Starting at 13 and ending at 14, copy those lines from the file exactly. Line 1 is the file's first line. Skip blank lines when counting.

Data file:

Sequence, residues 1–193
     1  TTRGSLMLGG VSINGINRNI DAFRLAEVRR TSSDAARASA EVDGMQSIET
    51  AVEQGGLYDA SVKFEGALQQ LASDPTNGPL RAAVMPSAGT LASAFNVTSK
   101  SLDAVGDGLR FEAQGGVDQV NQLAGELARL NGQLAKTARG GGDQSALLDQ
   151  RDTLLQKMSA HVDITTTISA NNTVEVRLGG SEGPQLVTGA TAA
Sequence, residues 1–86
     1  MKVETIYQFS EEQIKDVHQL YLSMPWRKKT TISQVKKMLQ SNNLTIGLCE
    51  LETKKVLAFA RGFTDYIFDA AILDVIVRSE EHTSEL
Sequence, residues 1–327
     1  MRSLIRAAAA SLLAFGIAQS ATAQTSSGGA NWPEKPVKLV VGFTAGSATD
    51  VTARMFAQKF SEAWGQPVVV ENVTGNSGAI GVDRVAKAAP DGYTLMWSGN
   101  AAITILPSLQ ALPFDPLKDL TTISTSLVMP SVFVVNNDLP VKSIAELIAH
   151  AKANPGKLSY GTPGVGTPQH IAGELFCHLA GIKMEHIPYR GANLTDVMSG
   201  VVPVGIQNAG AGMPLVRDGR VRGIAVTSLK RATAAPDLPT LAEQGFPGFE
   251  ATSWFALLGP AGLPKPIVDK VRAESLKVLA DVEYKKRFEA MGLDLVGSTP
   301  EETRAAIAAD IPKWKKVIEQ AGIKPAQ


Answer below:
   151  AKANPGKLSY GTPGVGTPQH IAGELFCHLA GIKMEHIPYR GANLTDVMSG
   201  VVPVGIQNAG AGMPLVRDGR VRGIAVTSLK RATAAPDLPT LAEQGFPGFE